Credit Intelligence's's (ASX:CI1) stock is up by a considerable 32% over the past three months. Given that stock prices are usually aligned with a company's financial performance in the long-term, we decided to study its financial indicators more closely to see if they had a hand to play in the recent price move. Particularly, we will be paying attention to Credit Intelligence's ROE today.
Return on equity or ROE is a key measure used to assess how efficiently a company's management is utilizing the company's capital. In simpler terms, it measures the profitability of a company in relation to shareholder's equity.
How To Calculate Return On Equity?
Return on equity can be calculated by using the formula:
Return on Equity = Net Profit (from continuing operations) ÷ Shareholders' Equity
So, based on the above formula, the ROE for Credit Intelligence is:
20% = AU$1.9m ÷ AU$9.3m (Based on the trailing twelve months to December 2019).
The 'return' is the amount earned after tax over the last twelve months. That means that for every A$1 worth of shareholders' equity, the company generated A$0.20 in profit.
Why Is ROE Important For Earnings Growth?
So far, we've learnt that ROE is a measure of a company's profitability. We now need to evaluate how much profit the company reinvests or "retains" for future growth which then gives us an idea about the growth potential of the company. Generally speaking, other things being equal, firms with a high return on equity and profit retention, have a higher growth rate than firms that don’t share these attributes.
Credit Intelligence's Earnings Growth And 20% ROE
To start with, Credit Intelligence's ROE looks acceptable. Especially when compared to the industry average of 12% the company's ROE looks pretty impressive. Needless to say, we are quite surprised to see that Credit Intelligence's net income shrunk at a rate of 42% over the past five years. We reckon that there could be some other factors at play here that are preventing the company's growth. Such as, the company pays out a huge portion of its earnings as dividends, or is faced with competitive pressures.
However, when we compared Credit Intelligence's growth with the industry we found that while the company's earnings have been shrinking, the industry has seen an earnings growth of 17% in the same period. This is quite worrisome.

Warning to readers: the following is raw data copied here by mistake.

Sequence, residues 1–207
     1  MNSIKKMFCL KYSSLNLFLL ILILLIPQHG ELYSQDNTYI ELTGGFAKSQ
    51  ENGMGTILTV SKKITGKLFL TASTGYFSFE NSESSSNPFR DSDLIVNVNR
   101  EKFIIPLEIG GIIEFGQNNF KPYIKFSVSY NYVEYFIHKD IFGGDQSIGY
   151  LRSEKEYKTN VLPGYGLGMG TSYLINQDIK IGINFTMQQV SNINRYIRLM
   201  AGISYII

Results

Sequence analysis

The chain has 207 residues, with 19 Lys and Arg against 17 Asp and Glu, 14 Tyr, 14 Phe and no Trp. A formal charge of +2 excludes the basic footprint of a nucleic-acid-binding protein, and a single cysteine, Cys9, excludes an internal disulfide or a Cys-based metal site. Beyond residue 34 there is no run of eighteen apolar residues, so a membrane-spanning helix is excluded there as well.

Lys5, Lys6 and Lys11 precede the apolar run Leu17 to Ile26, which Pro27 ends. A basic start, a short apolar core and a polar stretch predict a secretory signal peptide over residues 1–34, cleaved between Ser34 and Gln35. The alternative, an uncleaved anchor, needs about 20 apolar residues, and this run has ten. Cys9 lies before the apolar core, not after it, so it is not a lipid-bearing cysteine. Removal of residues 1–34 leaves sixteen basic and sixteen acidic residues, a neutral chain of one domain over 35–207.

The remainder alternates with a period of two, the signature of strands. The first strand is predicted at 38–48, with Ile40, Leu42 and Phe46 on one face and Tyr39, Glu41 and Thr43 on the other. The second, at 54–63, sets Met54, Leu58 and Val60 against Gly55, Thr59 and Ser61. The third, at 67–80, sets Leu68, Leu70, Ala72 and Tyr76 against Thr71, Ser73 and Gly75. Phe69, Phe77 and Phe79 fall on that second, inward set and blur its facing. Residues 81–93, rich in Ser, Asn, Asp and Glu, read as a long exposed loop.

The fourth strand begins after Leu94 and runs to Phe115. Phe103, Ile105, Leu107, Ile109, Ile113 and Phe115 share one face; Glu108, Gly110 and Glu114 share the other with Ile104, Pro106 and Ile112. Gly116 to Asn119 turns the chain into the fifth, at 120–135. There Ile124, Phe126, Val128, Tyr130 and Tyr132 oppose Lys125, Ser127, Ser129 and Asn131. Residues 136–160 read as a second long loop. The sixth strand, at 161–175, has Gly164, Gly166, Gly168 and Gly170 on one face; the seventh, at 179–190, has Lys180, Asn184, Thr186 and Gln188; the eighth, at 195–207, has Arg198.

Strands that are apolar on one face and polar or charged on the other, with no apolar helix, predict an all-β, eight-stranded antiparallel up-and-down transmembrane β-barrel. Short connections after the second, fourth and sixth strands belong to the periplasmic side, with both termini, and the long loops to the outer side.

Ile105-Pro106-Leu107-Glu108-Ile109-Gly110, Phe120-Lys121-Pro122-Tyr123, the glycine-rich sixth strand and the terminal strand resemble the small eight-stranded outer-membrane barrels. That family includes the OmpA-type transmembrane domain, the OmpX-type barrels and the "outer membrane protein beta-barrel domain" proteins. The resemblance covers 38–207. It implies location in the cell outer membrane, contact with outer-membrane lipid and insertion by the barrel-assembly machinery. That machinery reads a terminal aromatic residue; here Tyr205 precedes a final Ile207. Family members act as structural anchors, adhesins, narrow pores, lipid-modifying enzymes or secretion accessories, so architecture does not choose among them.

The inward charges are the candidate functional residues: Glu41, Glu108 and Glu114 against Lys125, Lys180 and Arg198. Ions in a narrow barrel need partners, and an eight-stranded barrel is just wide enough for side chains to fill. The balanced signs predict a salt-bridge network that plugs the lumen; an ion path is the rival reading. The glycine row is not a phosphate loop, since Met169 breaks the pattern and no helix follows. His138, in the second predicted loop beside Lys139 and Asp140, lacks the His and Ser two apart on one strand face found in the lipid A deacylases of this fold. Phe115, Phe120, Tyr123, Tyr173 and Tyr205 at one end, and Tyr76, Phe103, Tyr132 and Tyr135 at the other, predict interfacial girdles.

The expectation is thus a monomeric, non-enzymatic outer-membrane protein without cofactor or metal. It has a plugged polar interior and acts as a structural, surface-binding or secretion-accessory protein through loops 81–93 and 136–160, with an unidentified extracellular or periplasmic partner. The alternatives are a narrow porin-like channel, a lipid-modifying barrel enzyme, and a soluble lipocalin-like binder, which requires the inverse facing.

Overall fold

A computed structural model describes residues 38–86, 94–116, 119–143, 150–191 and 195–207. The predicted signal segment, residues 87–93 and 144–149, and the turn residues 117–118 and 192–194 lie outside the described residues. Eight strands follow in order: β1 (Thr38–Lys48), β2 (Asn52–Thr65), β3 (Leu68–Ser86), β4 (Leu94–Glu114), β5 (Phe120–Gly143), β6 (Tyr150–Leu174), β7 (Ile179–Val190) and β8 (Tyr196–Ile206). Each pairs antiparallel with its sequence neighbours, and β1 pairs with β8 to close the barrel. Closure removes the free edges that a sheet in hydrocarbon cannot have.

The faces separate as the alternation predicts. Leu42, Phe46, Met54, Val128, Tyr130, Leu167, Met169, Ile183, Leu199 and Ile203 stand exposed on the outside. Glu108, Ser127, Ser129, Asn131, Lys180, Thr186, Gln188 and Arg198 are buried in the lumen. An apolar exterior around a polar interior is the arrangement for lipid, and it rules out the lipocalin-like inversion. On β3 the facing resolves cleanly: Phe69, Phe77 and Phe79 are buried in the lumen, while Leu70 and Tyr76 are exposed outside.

The basis for attaching value to a company is, to a great extent, tied to its earnings growth. It’s important for an investor to know whether the market has priced in the company's expected earnings growth (or decline). This then helps them determine if the stock is placed for a bright or bleak future. Is Credit Intelligence fairly valued compared to other companies? These 3 valuation measures might help you decide.
Is Credit Intelligence Using Its Retained Earnings Effectively?
In spite of a normal LTM (or last twelve month) payout ratio of 28% (that is, a retention ratio of 72%), the fact that Credit Intelligence's earnings have shrunk is quite puzzling. So there might be other factors at play here which could potentially be hampering growth. For example, the business has faced some headwinds.
Additionally, Credit Intelligence started paying a dividend only recently. So it looks like the management may have perceived that shareholders favor dividends even though earnings have been in decline.
In total, it does look like Credit Intelligence has some positive aspects to its business. Although, we are disappointed to see a lack of growth in earnings even in spite of a high ROE and and a high reinvestment rate. We believe that there might be some outside factors that could be having a negative impact on the business. That being so, the latest industry analyst forecasts show that the analysts are expecting to see a huge improvement in the company's earnings growth rate. To know more about the latest analysts predictions for the company, check out this visualization of analyst forecasts for the company.
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